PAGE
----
Three Ways 2020 Dems Want to Remake the Supreme Court

Three Ways 2020 Dems Want to Remake the Supreme Court
(AP Photo/Susan Walsh, File)

On Tuesday, Fox News correspondent Mike Emanuel revealed three different ways angry Democrats who are running for president in 2020 want to remake the Supreme Court. He ran video of Sen. Elizabeth Warren (D-Mass.), Mayor Pete Buttigieg (D-Ind.), and Sen. Cory Booker (D-N.J.) proposing radical changes in order to reverse the impact of President Donald Trump’s two Supreme Court justices.

“Some of the anger on the Left is clearly about the Supreme Court,” Emanuel said. “Judge Merrick Garland was nominated to the high court by President Obama in 2016 but never received a hearing or a vote in the Senate. Though when President Trump won the election, Neil Gorsuch was nominated and now serves on the Supreme Court. So there is some clear frustration.”

He ran a clip of Warren ranting on the issue. “First, they steal a Supreme Court seat, then they turn around and change the rules on filibuster for Supreme Court seats so when it swings back around to us, what are we going to do?” the senator asked. “My answer on that is all the options are on the table.”

What exactly are those options? There are three general strategies 2020 Democrats have laid out.

1. Packing the court

Last October, Rep. Alexandria Ocasio-Cortez (D-N.Y.) championed the idea of Democrats nominating more than nine judges to the U.S. Supreme Court. This court-packing scheme echoed the threats of President Franklin Delano Roosevelt. FDR warned the Court that if it kept striking down his New Deal programs as unconstitutional, he would nominate extra judges to the Court, eventually outvoting the justices who upheld the Constitution.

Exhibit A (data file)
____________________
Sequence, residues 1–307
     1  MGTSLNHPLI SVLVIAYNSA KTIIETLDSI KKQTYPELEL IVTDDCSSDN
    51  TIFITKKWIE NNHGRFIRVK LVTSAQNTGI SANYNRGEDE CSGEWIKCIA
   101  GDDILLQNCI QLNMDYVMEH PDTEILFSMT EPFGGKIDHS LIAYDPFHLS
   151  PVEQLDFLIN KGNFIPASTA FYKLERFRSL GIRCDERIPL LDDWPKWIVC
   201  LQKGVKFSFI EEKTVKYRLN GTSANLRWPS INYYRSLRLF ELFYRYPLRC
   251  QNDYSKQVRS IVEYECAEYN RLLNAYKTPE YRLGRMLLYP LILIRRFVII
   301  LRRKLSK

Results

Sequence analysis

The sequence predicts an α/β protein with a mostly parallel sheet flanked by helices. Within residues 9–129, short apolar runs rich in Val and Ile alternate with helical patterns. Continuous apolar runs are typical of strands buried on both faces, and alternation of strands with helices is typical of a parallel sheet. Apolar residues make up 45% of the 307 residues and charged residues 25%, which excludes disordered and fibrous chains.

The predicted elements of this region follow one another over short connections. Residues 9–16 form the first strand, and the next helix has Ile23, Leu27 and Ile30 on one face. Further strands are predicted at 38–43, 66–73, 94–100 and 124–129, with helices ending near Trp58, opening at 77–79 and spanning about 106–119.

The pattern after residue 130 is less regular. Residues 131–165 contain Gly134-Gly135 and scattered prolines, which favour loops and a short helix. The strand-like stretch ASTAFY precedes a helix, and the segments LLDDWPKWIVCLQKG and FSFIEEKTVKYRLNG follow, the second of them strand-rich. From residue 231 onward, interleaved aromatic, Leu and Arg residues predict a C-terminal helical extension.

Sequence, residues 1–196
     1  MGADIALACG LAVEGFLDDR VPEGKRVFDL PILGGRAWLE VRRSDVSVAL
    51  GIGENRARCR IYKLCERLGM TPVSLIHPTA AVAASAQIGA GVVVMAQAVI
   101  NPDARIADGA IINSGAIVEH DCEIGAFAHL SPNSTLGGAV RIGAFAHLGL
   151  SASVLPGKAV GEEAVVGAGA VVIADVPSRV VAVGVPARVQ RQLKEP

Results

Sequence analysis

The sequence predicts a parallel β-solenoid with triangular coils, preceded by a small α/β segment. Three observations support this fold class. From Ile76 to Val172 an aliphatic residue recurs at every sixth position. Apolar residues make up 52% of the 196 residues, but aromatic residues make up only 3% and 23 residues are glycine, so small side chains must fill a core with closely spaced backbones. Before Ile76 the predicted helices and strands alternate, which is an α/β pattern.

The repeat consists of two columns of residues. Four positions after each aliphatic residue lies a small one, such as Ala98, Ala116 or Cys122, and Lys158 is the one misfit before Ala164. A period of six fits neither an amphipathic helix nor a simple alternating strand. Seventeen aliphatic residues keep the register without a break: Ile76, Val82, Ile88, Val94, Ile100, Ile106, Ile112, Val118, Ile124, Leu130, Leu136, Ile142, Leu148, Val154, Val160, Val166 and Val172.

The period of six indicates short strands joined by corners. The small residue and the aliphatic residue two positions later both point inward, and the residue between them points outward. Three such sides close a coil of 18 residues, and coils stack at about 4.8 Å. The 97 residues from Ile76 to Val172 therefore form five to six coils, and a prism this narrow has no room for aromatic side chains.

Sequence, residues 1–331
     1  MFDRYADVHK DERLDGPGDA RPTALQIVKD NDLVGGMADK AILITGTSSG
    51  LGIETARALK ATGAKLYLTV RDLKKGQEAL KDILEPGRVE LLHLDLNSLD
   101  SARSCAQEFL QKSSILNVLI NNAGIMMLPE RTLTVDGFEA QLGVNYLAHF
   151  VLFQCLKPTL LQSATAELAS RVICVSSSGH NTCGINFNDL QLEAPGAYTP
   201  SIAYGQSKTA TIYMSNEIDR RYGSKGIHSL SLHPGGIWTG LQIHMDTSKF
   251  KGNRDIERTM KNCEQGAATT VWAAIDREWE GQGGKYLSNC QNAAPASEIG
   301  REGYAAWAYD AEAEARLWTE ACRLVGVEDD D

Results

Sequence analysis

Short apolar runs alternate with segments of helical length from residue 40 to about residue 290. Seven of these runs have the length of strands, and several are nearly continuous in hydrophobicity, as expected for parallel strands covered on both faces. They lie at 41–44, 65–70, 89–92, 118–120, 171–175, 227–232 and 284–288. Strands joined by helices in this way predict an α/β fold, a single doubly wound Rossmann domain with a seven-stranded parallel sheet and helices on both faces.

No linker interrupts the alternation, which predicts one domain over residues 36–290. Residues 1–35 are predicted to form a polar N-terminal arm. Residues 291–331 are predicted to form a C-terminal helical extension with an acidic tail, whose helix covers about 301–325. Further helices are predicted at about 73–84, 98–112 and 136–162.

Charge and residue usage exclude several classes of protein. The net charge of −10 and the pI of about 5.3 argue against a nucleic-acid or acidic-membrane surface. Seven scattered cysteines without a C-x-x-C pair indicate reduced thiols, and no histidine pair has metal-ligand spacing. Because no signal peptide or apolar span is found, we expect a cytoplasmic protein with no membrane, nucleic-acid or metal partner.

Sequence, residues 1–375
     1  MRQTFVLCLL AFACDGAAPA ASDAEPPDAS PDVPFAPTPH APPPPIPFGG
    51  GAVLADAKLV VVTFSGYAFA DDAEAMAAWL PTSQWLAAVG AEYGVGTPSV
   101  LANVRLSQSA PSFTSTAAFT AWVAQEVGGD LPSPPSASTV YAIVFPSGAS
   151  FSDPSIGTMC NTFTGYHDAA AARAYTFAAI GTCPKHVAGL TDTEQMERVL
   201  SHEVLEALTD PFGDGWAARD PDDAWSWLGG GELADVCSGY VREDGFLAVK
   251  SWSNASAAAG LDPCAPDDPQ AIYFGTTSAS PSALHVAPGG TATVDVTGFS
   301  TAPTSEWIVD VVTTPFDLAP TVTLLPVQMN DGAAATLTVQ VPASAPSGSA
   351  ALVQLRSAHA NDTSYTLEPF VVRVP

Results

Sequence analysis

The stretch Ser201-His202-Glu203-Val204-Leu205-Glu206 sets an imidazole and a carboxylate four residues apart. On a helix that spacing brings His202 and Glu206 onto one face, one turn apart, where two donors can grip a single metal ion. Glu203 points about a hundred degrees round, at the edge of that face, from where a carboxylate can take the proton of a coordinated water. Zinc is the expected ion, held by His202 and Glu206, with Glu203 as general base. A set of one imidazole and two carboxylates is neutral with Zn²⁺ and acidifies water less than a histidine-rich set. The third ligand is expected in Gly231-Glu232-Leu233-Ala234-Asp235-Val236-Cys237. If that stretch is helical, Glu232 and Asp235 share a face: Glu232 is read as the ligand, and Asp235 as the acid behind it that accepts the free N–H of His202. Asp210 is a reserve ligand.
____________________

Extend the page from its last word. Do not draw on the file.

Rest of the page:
On Monday, three 2020 Democrats told Politico they would support the same strategy. Warren, Sen. Kamala Harris (D-Calif.), and Sen. Kirsten Gillibrand (D-N.Y.) all said they would support packing the Supreme Court to reverse the effect of Trump’s nominees.

“We are on the verge of a crisis of confidence in the Supreme Court,” Harris told Politico. “We have to take this challenge head-on, and everything is on the table to do that.”

“It’s not just about expansion, it’s about depoliticizing the Supreme Court,” Warren insisted. “It’s a conversation that’s worth having,”

Gillibrand told Politico that Justice Neil Gorsuch possesses an illegitimate seat because President Obama’s last nominee, Judge Merrick Garland, was blocked by the Senate and denied even a committee hearing.

Pack the Courts, an activist group launched in October, has raised $500,000 and plans to spend $2 million leading up to the 2020 presidential campaign, Politico reported.

While Warren insisted that packing the Court would “depoliticize” it, nothing could be further from the truth. If a Democratic president were to expand the Court from nine justices to 15, a Republican president could later expand it from 15 justices to 21. The battles would only intensify.